08.09.2014 § 2 Comments
Photographer Lyubomir Sergeev asks a painful question: would the treasured heroes of Bulgaria’s past stab themselves in the heart or shoot themselves if they could see what their country is like today? In painstaking detail, he recreates the dress and time periods of six great Bulgarian men and creates a new kind of portrait: one that not only inspires, but also forces us to think harder, to be better.
07.09.2014 § 2 Comments
Bulgaria’s national day is deservedly March 3, 1878. After almost 500 years under the rule of the Ottoman Empire and a two-year war of liberation championed by Russia, a treaty signed on that day in the Istanbul suburb of San Stefano restored Bulgaria as a powerful state on the Balkans encompassing all the lands populated by Bulgarians and ruled by the idealistic Alexander I Battenberg, grandson of Queen Victoria and nephew to the Russian emperor. However, San Stefano Bulgaria was hacked up by the delegate nations at the Congress of Berlin only three months later. Ethnically Bulgarian territories (in striped red on the map) were divided into three distinct regions: the Principality of Bulgaria encompassed only Moesia and the Sofia region, Thrace became semi-autonomous under the name Eastern Rumelia and the status of Macedonia and parts of Thrace remained unchanged: they returned to Ottoman rule and their populations were brutally punished for the short gasp of freedom.
In this manner the Great Powers of Europe sowed the seeds for countless conflicts on the Balkans. Because of the Congress of Berlin, Bulgaria would spend decades struggling to once again unify all the lands considered ethnically Bulgarian in its borders. This struggle would cost it two national catastrophes and sour its relationships with Serbia, Greece and Romania, who’d believe (not entirely without cause) Bulgaria to be motivated by hegemony.
24.08.2014 § 1 Comment
[Reposted in honour of the 137th anniversary of the battle of Shipka Pass]
It is well known that in history often insignificant circumstances can change the fates of nations. For example, the battle for Shipka pass in August 1877, the trial by fire of the newly formed Bulgarian volunteer corps and its most costly victory, was fought because of a sabre. A beautiful sabre, made of gold and encrusted with diamonds, but still, merely a sabre. « Read the rest of this entry »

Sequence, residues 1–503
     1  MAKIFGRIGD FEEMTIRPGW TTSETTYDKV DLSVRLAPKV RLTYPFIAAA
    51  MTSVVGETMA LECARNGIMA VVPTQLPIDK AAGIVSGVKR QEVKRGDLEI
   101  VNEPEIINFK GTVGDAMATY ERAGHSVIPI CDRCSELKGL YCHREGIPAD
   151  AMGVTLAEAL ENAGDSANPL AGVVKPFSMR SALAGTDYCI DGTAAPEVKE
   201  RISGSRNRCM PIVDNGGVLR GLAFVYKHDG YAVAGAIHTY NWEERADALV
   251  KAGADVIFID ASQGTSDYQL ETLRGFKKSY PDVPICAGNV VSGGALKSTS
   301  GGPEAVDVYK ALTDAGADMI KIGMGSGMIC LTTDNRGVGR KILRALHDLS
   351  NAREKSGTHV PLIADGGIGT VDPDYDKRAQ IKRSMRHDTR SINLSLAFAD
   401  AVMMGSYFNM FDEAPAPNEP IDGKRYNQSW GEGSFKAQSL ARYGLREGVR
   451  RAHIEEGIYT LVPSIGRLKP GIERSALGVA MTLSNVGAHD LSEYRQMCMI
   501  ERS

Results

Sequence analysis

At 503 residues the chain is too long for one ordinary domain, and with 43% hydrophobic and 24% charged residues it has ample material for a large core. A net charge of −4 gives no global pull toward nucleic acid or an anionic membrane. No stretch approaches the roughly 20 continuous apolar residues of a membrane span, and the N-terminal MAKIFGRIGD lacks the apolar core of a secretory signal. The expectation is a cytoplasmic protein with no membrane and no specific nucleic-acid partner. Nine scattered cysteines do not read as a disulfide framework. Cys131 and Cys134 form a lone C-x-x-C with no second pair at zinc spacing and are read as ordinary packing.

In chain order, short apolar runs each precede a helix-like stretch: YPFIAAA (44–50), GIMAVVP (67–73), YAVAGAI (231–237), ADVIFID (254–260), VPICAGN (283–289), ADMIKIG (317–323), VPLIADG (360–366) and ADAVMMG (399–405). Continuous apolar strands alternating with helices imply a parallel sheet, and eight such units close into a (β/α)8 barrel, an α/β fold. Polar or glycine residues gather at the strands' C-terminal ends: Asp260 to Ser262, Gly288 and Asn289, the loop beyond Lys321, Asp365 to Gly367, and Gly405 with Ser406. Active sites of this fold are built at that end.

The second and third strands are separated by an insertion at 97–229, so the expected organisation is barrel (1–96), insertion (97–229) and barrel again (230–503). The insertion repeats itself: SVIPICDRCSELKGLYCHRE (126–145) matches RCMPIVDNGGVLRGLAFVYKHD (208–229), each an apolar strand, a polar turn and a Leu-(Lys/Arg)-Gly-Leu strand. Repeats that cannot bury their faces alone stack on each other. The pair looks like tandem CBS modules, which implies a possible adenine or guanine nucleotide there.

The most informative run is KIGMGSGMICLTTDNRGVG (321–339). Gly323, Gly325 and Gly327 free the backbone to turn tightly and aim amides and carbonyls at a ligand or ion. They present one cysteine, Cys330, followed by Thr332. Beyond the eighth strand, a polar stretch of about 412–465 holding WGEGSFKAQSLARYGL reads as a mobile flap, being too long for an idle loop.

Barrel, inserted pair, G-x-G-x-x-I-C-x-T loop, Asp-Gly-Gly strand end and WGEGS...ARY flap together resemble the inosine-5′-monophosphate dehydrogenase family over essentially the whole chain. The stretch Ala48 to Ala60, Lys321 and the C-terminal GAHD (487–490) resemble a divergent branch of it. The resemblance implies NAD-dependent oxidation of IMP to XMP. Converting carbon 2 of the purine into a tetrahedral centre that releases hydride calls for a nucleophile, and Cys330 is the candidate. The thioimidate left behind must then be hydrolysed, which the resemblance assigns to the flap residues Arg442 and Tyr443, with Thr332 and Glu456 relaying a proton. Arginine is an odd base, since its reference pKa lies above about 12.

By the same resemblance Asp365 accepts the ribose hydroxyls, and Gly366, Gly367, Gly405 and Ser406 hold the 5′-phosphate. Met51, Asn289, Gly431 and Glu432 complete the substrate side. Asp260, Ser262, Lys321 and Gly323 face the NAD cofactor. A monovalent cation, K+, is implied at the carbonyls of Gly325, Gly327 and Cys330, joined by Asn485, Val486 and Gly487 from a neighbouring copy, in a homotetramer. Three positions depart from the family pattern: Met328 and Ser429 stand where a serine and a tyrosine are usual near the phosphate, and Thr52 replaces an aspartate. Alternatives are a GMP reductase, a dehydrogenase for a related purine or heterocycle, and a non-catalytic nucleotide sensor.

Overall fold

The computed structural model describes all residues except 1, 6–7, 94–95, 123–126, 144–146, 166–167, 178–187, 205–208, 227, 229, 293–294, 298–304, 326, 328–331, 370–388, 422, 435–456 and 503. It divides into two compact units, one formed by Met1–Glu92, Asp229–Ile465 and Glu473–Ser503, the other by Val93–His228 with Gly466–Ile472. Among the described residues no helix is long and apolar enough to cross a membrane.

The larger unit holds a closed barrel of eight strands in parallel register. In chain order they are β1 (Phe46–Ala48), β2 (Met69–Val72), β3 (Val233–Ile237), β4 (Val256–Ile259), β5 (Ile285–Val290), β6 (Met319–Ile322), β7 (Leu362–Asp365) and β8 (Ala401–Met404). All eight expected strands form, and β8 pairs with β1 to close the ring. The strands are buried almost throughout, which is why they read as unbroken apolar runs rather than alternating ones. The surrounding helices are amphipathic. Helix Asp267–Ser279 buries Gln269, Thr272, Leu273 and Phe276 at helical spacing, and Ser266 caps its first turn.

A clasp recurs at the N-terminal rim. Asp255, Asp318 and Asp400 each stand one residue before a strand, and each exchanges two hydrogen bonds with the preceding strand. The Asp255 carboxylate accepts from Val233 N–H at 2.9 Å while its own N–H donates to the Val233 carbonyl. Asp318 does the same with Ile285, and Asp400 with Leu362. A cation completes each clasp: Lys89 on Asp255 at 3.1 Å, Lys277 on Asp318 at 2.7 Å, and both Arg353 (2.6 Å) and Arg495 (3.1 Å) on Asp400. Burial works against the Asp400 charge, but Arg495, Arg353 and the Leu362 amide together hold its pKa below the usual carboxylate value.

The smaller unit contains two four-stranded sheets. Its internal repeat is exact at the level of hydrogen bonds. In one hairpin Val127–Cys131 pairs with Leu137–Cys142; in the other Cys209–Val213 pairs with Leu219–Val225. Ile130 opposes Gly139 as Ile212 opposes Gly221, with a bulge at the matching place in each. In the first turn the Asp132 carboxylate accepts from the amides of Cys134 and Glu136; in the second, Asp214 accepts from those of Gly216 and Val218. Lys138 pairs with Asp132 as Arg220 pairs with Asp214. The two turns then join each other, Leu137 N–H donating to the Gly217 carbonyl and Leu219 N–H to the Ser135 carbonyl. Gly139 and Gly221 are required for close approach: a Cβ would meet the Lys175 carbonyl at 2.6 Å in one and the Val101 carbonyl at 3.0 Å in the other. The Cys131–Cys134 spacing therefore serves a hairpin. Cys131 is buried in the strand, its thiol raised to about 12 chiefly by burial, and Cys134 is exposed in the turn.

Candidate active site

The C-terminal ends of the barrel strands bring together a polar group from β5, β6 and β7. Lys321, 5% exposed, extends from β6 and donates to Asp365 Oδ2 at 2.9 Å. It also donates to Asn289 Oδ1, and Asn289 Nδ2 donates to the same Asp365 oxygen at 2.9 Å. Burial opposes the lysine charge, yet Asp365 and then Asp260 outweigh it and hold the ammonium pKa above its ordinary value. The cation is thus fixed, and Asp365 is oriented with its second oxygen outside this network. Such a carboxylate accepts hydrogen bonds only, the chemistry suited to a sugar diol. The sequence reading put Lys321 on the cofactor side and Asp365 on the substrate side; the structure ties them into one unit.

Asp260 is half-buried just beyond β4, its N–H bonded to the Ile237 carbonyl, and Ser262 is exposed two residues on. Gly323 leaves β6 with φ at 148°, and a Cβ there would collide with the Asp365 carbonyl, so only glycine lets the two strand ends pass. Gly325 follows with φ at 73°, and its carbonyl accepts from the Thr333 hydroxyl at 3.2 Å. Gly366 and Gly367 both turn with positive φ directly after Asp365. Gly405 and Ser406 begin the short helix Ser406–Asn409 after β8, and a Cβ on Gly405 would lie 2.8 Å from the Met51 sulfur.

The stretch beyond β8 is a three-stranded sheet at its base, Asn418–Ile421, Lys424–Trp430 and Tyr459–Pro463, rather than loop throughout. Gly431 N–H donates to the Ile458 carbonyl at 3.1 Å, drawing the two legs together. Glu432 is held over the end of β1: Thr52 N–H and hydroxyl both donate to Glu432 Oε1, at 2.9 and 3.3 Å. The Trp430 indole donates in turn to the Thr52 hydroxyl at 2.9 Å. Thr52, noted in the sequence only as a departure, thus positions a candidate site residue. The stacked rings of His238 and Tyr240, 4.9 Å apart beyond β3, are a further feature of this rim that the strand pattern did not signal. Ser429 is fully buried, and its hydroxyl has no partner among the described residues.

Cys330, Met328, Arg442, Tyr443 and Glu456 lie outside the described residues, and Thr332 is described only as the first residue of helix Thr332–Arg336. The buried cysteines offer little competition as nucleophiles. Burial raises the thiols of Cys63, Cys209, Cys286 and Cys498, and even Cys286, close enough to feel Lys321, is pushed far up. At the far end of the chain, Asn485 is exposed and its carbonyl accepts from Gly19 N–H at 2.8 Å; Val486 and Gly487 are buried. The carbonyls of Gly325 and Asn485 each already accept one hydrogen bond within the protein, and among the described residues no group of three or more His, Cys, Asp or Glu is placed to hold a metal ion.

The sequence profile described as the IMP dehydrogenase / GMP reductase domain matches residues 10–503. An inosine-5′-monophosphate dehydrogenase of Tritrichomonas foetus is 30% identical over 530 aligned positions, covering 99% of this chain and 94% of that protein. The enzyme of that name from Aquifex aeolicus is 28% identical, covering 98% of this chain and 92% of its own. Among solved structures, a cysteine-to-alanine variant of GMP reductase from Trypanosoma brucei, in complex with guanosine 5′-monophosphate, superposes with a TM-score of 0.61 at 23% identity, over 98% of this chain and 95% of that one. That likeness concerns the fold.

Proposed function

24.05.2014 § 5 Comments
May 24th is celebrated in Bulgaria as the day of two saints: St. Cyril and St. Methodius, of Bulgarian education and culture and Slavonic literature. It is a widely observed holiday in the country, on par with Liberation Day (March 3) and Christmas. It is a day largely devoted to celebrating the creation and the existence of the Cyrillic alphabet, which Bulgarian is written in.
Bulgaria may not be the largest user of Cyrillic today, but it is the first. The Cyrillic alphabet was the official script of Bulgaria before it was spread to Russia, Croatia, Serbia, etc. and it was Bulgaria’s Boris I who commissioned the two literary schools where thousands of monks would be educated and the first thousands of books in the new alphabet would be hand-copied and spread across the land.
It may be strange to see such importance placed on a set of symbols that we take for granted, but there is a great reason for our fascination with our letters, and a great accompanying story: the story with the greatest cultural significance in Bulgaria’s history.
11.02.2014 § 2 Comments
Created by the Operational Program “Regional Development”, this video is a perfect companion to my posts about Plovdiv, Bulgaria’s second largest (and oldest) city. As a bonus, you get to hear some narration in Bulgarian, with English subtitles.
16.10.2013 § Leave a comment
I have written a bit about the Socialist period in Bulgaria, and there is no doubt that it is the defining political stage in the history of modern Bulgaria. Twenty-five years after its 45-year span ended, we are still divided into “reds” and others, and we are still struggling to “transition” to a free-market economy. While my opinions on the subject will be nothing new to either side, I would like to take a look at the immediate implications of the onset of Communism in Bulgaria through an unlikely source of data.
Emil Dimitrov, whom I have mentioned in the Music section of this blog, wrote a beautiful song called “A Letter to Mom” (“Писмо до мама”) in 1974. In listening to it a few days ago, I realized that it encapsulated so much of the sweeping changes brought forth by Bulgaria’s Communist decades. This song, while being entirely non-political and written as a sentimental ballad honouring one’s mother, offers glimpses at the themes that were current in Bulgarian society in the 1970’s. Here are the lyrics, each stanza followed by my commentary.
A Letter to Mom
O what a bride you must have been, dear mommy
So clean, so sparkling was your father’s yard
When they led you out onto the threshing floor
To link hands with your groom in bridal dance
29.04.2013 § Leave a comment
This map of Europe shows the tumultuous rise and fall of empires and states in the last 1000 years. Note Bulgaria’s fluctuations towards the middle bottom of the frame.
08.09.2012 § Leave a comment